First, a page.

The problem that confronts every writer, or each person for that matter, is that, thrown into the daily world of fragmenting realities and the backbreaking business of earning a living in a country made poor by corruption, we eventually lose our awareness of and our faith in the beauty of the spirit. Out of touch with this source of hope, we become emaciated and vulnerable to the terrible diseases of life’s banal indulgences and the constant need for immediate material gratification.
In the practice of the craft of poetry, poets contribute to the work of repairing the frayed matrices of daily life. In the vocation I have chosen I try to train myself how to see clearly, and I take my instruction from the example of poets who have used the techniques of the ekphrastic imagination. I would like to think that sitting at the feet of masters of the visual arts, I am following in the footsteps of W.H. Auden in front of Breughel’s Icarus, or of Rilke learning from Rodin and Cezanne. Pablo Picasso in 1963 used the word “holy” in referring to a mysterious quality of the visual arts: “Something holy, that’s it…You ought to be able to say that a painting is as it is, with its capacity to move us, because it is as though it were touched by God…Everything can be explained scientifically today. Except that. You can go to the moon or walk under the sea, or anything else you like, but painting remains painting because it eludes such investigation. It remains there like a question. And it alone gives the answer.” (Ashton 5)
My practice of the techniques of the ekphrastic imagination began in the early 90s when I went to the Metropolitan Museum of Manila one afternoon to see the retrospective art exhibit of Fernando Zobel. One of the paintings, called “Tensión Luminosa” brought me deep into Federico Garcia Lorca’s country inhabited by a red moon, the ash of death in the air, and the cantaor rasping the last note of a terrible love.
Wilderness of grey contained
in the canvas of November,
lured by the gypsy moon of Cuénca.
In the moving strokes, Lorca’s eye
discerns the lyric of a void dance:
two presences so still, they assume
no form but pure image,
incurable wound of music.
Only with the ear of a true cantaor
may we hear the howling firewinds
beyond this ash-filled frame.
Could a terrible love have been
marked by this one luminous
drop of blood?
Some years after this poem, during one celebration of the College of Liberal Arts week, I gave a poetry writing workshop applying the techniques ot the ekphrasitc imagination. The methodology I used is from the Smithsonian Institute in its Art and Poetry program. Michelle Smith, who wrote about it in “Collecting their thoughts,” proposes that to teach oneself how to see a painting sensitively and then write about it, it would be well to work towards the following: 1) closely observe a work of art, 2) list concrete details seen in the work without including the emotions the work causes, 3) select the most important details of the work to include in the writing, 4) distinguish between non-subjective and subjective language, 5) write descriptive text using only non-subjective language, and 6) write a story using both non-subjective and subjective language. (13)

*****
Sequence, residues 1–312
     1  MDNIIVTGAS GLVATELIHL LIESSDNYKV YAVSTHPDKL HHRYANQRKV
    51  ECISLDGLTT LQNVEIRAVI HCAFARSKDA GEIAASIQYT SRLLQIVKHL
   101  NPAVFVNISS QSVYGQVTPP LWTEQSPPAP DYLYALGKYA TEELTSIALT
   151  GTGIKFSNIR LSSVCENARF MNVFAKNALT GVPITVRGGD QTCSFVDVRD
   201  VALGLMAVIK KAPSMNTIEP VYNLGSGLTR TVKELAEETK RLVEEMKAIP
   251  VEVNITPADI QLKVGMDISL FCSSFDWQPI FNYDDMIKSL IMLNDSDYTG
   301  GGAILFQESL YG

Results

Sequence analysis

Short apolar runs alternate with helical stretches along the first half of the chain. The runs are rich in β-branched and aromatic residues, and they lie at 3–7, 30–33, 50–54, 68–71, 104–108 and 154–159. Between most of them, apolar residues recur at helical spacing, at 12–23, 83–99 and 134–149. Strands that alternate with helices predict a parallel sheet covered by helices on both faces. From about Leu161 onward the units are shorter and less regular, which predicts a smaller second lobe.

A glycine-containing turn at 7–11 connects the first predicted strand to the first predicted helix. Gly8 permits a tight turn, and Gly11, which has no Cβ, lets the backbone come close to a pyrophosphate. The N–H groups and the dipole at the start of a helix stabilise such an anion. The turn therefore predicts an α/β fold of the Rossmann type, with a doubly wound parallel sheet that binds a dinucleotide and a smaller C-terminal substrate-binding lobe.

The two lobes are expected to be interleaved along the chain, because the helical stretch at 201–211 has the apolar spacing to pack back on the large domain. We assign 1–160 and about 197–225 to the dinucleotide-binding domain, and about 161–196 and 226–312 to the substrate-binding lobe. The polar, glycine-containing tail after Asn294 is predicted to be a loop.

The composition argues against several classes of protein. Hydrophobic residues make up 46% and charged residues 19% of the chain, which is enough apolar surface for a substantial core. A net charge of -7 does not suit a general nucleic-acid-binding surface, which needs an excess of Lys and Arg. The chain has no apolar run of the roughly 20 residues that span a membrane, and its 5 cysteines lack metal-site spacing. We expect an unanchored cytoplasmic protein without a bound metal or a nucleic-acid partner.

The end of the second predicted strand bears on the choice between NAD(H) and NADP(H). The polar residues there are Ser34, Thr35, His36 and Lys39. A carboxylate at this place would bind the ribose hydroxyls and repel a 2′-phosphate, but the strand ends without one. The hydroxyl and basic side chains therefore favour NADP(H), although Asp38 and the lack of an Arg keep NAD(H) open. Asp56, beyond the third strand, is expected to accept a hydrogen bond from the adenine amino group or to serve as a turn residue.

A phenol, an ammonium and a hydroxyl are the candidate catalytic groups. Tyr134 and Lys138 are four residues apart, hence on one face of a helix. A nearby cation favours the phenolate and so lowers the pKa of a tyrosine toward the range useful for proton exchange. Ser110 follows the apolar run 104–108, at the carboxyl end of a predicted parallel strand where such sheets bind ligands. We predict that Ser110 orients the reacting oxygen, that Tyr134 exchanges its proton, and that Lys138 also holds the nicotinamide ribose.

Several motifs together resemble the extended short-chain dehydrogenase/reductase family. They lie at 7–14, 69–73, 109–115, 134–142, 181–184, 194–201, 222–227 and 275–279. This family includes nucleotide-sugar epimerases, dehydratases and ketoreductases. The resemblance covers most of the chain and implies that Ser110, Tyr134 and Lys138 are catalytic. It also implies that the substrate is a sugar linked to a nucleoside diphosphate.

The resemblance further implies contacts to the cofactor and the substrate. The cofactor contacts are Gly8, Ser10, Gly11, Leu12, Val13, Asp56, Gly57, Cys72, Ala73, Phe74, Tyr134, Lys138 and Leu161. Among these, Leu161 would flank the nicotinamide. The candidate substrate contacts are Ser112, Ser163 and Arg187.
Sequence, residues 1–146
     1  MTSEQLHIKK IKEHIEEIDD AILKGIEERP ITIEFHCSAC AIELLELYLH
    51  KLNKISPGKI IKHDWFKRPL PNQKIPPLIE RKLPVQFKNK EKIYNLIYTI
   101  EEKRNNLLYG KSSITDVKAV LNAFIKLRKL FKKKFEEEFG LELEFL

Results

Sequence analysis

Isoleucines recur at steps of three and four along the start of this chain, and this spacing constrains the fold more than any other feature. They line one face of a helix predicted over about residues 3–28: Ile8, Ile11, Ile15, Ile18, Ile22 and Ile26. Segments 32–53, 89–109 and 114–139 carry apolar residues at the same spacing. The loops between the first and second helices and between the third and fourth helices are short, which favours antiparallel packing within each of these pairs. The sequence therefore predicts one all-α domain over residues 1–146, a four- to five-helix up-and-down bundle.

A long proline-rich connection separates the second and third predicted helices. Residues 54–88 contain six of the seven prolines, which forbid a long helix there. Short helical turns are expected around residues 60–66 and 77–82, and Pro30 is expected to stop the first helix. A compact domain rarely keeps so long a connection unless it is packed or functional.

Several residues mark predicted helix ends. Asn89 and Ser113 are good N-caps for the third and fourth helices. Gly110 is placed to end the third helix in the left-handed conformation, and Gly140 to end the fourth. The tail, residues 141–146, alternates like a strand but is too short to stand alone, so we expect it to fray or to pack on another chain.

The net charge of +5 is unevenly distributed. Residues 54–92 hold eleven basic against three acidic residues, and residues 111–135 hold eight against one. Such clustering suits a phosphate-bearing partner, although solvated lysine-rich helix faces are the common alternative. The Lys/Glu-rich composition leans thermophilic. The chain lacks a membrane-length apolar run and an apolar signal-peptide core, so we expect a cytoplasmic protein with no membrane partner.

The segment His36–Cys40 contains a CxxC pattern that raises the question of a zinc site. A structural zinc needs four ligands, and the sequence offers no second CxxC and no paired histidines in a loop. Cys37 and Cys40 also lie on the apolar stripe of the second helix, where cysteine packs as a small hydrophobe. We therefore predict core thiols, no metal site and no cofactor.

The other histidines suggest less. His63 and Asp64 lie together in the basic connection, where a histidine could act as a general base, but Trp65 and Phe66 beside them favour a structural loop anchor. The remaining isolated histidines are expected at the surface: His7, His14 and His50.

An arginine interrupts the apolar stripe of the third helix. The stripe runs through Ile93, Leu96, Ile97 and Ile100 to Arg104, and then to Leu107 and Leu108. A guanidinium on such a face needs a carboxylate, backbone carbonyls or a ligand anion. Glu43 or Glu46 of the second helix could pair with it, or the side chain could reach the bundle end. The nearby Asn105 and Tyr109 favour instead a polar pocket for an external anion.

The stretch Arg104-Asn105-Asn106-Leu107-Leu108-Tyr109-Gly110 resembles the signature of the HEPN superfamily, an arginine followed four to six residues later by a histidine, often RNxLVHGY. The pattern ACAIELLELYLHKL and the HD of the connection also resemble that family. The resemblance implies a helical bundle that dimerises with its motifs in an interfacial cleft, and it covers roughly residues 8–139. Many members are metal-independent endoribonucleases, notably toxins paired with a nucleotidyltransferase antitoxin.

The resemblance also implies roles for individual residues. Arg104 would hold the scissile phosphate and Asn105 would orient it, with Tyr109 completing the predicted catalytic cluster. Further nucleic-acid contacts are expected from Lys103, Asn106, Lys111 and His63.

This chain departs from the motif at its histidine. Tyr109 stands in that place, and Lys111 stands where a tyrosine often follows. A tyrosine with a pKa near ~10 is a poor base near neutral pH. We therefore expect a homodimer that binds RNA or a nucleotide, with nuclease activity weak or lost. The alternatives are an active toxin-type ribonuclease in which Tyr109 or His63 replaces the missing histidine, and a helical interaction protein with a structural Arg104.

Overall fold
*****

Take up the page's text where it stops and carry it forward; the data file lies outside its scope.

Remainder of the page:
What always proves exciting in this exercise of the ekphrastic imagination is when the creative imagination is allowed to play, interacting with the painting by seeing not just what is in the painting but also what is not in there, and thus extending the sight to an elsewhere. Once this state of creative play is set, the writing on the painting’s story can go into any or all of three directions by: 1) thinking of the painting as a frame of a movie and unfreezing the frame to set the painting into motion, 2) thinking of what is happening in the painting, what has just happened, or what is about to happen, and 3) mentally pushing the painting’s frame back and thinking about the enlarged story. (21)
These writing techniques can be illustrated by one of the poems in the book by John Frederick Nims and David Mason called “Western Wind: An Introduction to Poetry.” This poem is “Short Story on a Painting by Gustav Klimt” is by Lawrence Ferlinghetti, one of the Beat Poets of America.
They are kneeling upright on a flowered bed
has just caught her there
and holds her still
has slipped down
off her shoulder
He has an urgent hunger
His dark head
bends to hers
And the woman the woman
turns her tangerine lips from his
one hand like the head of a dead swan
draped down over
his heavy neck
her other arm doubled up
against her tight breast
her hand a languid claw
clutching his hand
which would turn her mouth
her long dress made
of multicolored blossoms
quilted on gold
her Titian hair
with blue stars in it
And his gold
stream down over
her bare calves &
Nearby there must be
a jeweled tree
with glass leaves aglitter
in the gold air
It must be
in a faraway place somewhere
are silent together
as in a flowered field
upon the summer couch
which must be hers
And he holds her still
holds her head to his
so gently so insistently
to make her turn
her lips to his
Her eyes are closed
like folded petals
will not open
is not the One.